Friday, 14 September 2012

Giving Thanks for Food

I show you our school lunch menu for Friday;

Katemeshi (Mixed Rice with Vegetable), Eggplant Soup with Sesame, Grilled Pacific Saury, and Milk.
Food-o-meter- 8/10
Health rating- 7/10
Bites- unknown
Courses- Rice, soup , 1dish
Price- JPY234yen (Approx. US$2.9 £1.8 )
Pieces of hair- 0

And Another dietician sent me a menu for Martha's projects;

Rice, Satsuma-Jiru (Chicken Soup which is local dishes from Kagoshima region), Deep -fried Flying Fish, Simmered Konjak and Vegetable. and Milk.

Oh. I got one more picture from another dietician..

Rice, Seasoning for rice, Simmered Striped Dried Radish and Hijiki seaweed, Fried Salmon with Cheese, Cucumber with Chili sauce, and Milk. Mustard Spinach is grown local.

It is the final day for me to appear in NeverSecond blog. Therefore, today I would like to talk about giving thanks for our food.

Before starting a meal at home and school , Japanese people say "Itadakimasu."
Although "Itadakimasu" is often translated into English as "God bless you," it contains an expression of gratitude for the person who cooked the meal, however it does not have any religious connotations.

But I like to study comparative culture about giving thanks for food based on each belief in the world.

The above kanji (Chinese letter) chant is called "Gokan-no-ge". It is to giving thanks for one's food. Buddhist verses to chant before eating. It is mentioned;

First, let us reflect on our own work and the effort of those who brought us this food.
Second, let us be aware of the quality of our deeds as we receive this meal.
Third, what is most essential is the practice of mindfulness, which helps us to transcend greed, anger and delusion.
Fourth, we appreciate this food which sustains the good health of our body and mind.
Fifth, in order to continue our practice for all beings we accept this offering.

When I first heard the second term, I have reflected on what others have done for us. However, I have a question myself. What am I doing for others? Am I pulling our weight? Is this food being put to good use by sustaining me? It was heavy for me.

Let’s see a few European painting.

Daniele Crespi: San Carlo Borromeo at Supper、1628

St. Carlo Borromeo devote himself to a life of poverty. He is reading the bible in tears. There is a “bread” and a bottle of water. But He does not pick it up. He is the paragon of believer. There are many masterpiece art featured meal in Europe. Because meals do not act only to satisfy the appetite simply, but also had a religious and spiritual meaning.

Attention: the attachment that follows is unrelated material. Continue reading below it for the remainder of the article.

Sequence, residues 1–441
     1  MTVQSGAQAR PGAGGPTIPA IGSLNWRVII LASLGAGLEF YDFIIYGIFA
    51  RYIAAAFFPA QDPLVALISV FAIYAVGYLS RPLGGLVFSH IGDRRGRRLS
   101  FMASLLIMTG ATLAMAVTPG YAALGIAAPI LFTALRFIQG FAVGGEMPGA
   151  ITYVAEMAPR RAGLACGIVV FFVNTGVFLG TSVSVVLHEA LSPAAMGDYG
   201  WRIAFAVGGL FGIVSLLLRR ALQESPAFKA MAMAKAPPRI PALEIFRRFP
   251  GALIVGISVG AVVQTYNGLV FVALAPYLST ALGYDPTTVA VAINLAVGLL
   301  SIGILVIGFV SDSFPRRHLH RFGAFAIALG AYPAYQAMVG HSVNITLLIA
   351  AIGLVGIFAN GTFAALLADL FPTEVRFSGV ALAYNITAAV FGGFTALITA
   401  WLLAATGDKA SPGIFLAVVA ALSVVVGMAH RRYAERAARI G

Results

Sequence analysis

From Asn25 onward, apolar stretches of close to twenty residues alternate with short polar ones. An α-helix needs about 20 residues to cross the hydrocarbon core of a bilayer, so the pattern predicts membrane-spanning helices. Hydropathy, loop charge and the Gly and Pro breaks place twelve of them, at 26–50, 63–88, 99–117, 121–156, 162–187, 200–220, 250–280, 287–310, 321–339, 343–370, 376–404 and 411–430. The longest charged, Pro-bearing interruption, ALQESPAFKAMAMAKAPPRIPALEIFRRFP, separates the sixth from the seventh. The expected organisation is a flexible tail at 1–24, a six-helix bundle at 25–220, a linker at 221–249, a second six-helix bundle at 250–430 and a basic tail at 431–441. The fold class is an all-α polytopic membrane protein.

On the other hand, there is a funny painting like this.

Pieter Bruegel the Elder: The Land of Cockayne, 1567

It is a very famous painting of Bruegel the Elder. You can see so many foods in this painting. I like to find allegory or meaning. Religious manner of diet is included also. I think it is one of dietary education.

The traditional faith of Japan is animism and nature worship. We can see a lot of agricultural rite.

"Otaue" is one of the Rice Planting Festival of Shinto shline. It is an ancient event praying for a rich rice harvest. called a celebration in advance. Farmer play a role of rice-planting in the precincts of shinto shrine.

Another "Otaue" (rice planting) also organized by shinto shrines. Saotome (rice‐planting girl) set out rice plants in the fields of a shrine. Tanokami (deity of rice fields and harvests) is a deity (Shinto religion) that Japanese agricultural people believe watches over a rich or poor harvest and brings about a bumper crop of rice. Because the Shinto religion was founded on beliefs in the deities of rice cropping, such as Tanokami, rice has been considered to be a most valuable food.

Last month, I went to see a rainmaking ritual held on the once every four years when the Summer Olympics roll around. Three hundred men carry a 36-meter-long gigantic dragon that weighs 3 tons made of bamboo and straw, bravely parade the 2-kilometer-long road from a shrine in the district to a pond, and pray for rain and good harvest there.

Actually said, I am taking part in the rice trust system every year. And harvest season has come.

Our rice harvest is planned for September 23 on Sunday.
Rice cultivation in Japan requires farming villagers to cooperate in planting and harvesting during specific time frames. Now we are also inviting foreign participants for harvesting.

If you are interested in rice harvesting, please tell me. You can see Mount Fujiyama, also from the rice field in Yamanashi. To thank the participants, each person will be given rice.